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A Forgotten English Romantic
Greville COOKE (1894-1989)
Piano works (see end of review for listing)
Gustav HOLST (1874-1934)
Nocturne (1930)
Ralph VAUGHAN WILLIAMS (1872-1958)
A Little Piano Book (1934) (Valse Lente, Nocturne, Canon, Two-Part Invention in F, Two-Part Invention in E flat, Two-Part Invention in G)
Duncan Honeybourne (piano)
rec. Turner Sims Concert Hall, University of Southampton, 14-15 February 2014

The day I listened to this disc for the first time, I received a catalogue from one of the sheet music dealers I buy from. This particular list featured 20th century British piano music - including a couple of the pieces recorded here as it happened. Ignoring the 'big' names even the first few pages featured works by Arthur Alexander, Ernest Austin, William Baines, Bainton, Baldwyn, Barratt, Bath, Benbow, Benedict, Besley, Burrows and Butler. All of which served to underline that there is a vast amount of music of similar style and period and quality still waiting to be unearthed. This begs the question whether Cooke deserves such a disc as this before any of those named above. To be honest, I am not sure for all its merits it is 'better' than much of the above. However, I suppose any 'forgotten' composer needs the passionate advocacy of a performer who believes that composer to be a special case. In Duncan Honeybourne, Cooke has found just such an advocate and in EM Records a company willing to promote the project in the best possible light technically and production-wise. Recently, I have had several discs to review where the inherent quality of the music-making has been marred by poor presentation. This disc is a model of its kind with an informative, interesting and extensive liner (in English only) making the best possible case for Cooke, his life and works.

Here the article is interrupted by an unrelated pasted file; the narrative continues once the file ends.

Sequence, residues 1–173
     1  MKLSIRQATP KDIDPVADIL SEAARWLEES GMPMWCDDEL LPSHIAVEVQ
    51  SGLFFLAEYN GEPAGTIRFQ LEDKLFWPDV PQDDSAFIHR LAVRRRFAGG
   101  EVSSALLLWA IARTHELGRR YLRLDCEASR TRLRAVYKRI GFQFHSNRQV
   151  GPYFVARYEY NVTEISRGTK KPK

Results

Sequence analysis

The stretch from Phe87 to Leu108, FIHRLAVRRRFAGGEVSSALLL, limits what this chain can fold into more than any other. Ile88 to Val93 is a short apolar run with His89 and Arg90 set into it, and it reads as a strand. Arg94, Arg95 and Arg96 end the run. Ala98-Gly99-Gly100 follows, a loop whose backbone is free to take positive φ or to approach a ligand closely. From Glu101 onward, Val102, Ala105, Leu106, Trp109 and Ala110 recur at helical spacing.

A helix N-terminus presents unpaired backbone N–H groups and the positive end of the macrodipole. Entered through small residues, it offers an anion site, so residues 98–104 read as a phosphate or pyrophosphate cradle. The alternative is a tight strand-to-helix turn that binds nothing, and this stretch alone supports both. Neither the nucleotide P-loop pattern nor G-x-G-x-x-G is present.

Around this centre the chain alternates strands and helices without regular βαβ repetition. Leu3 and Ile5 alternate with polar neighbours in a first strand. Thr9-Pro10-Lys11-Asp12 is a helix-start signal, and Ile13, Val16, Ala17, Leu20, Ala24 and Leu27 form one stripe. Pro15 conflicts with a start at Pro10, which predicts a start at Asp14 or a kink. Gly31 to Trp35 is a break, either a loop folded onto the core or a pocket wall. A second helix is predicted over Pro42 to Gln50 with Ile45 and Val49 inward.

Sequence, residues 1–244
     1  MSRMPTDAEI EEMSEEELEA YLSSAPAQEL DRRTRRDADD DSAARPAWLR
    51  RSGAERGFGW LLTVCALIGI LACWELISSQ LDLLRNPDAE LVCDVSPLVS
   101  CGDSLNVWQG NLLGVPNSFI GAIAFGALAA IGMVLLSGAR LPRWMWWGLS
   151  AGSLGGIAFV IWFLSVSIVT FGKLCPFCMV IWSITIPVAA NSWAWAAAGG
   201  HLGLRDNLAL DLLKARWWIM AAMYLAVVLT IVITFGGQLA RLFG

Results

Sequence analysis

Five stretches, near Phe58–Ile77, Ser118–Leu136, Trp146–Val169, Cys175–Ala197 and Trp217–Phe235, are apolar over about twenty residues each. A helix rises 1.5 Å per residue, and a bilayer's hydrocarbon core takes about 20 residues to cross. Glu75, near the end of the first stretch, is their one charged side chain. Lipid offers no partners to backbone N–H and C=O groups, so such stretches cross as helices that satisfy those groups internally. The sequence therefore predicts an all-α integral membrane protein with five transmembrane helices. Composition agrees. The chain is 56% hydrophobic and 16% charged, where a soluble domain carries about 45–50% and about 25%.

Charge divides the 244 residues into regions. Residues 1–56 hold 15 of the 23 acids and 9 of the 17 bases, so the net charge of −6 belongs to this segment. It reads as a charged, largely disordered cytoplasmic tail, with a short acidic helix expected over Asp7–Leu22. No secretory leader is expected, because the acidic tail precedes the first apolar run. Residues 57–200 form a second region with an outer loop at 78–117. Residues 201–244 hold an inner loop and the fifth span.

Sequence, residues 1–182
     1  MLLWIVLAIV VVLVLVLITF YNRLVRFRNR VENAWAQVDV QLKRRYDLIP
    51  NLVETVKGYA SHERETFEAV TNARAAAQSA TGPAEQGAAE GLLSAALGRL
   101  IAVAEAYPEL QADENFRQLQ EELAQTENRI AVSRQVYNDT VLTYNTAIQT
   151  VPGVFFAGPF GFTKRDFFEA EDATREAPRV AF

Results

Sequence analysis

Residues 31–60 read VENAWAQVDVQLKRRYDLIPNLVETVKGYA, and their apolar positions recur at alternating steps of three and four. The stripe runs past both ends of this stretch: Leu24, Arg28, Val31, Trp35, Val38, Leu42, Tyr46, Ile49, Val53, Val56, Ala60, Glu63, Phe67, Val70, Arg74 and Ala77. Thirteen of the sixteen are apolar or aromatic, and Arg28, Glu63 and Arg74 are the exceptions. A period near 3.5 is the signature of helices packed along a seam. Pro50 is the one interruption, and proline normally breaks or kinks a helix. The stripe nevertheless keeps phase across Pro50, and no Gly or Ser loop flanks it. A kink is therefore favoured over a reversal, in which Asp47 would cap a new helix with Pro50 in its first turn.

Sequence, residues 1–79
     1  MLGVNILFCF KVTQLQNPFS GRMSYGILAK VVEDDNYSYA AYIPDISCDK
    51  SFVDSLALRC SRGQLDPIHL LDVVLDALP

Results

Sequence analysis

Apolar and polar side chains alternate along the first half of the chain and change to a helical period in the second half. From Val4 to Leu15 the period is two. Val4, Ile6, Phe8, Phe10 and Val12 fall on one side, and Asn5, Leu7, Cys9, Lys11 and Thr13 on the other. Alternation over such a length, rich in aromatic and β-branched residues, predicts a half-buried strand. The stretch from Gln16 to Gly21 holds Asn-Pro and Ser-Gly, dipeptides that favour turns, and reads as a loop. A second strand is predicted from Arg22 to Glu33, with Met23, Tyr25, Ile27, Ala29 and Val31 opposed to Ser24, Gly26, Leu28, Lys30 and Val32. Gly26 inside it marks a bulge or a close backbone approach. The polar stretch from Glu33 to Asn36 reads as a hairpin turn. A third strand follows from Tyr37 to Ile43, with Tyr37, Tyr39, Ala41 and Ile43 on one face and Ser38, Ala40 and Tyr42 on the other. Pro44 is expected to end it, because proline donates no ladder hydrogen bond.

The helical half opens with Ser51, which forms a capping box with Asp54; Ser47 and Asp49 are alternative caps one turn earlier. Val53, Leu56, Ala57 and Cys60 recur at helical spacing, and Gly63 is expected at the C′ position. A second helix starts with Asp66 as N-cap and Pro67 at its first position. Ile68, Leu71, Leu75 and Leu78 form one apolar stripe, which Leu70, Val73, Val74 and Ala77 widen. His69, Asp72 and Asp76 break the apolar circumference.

From this liner you gain a strong sense of a man fulfilled, living a rich diverse and interesting life. From talented student at the Royal Academy of Music, to performer, broadcaster, teacher and composer - as well as fulfilling a role as parish priest - to contented great old age. Indeed, I do not feel it is too much of an intuitive leap to hear this diversity and essential contentment in the music. All of Cooke's works performed here are receiving their premiere recordings. Honeybourne makes the valid point that they are well-conceived for the keyboard and they range from the big-boned Romantic Gothic Prelude which opens the disc to pastel miniatures such as Tree-top Lullaby [No.1 of the 'Over the Hills Suite']. All of the music is easily and instantly appealing and all the more so because Honeybourne plays them with total conviction and no little skill. So the large gestures of the Gothic Prelude are dispatched with virtuosic panache and the miniatures tenderly caressed with real affection. If I had one observation it would be that I did wonder if some of Cooke's 'filling-in' figurations in the bigger works have more than a hint of generic pianistic tricks. As though to keep the energy and momentum going a couple of bars are filled with double-handed broken octaves or leaping arpeggiations. Much as I enjoyed those pieces I did find it harder to hear an individual musical personality - the real Cooke. Curiously, the simpler the pieces and the more direct the utterance the more I felt that those works contained the essence of Cooke. Honeybourne mentions the charming High Marley Rest as his introduction to Cooke's music and in many ways it encapsulates the best of his work. Simple without being simplistic there is a real sense that it has been written for the simple pleasure of its creation - there is no great ego at work here just a craftsman delighting in the exercise of his Art.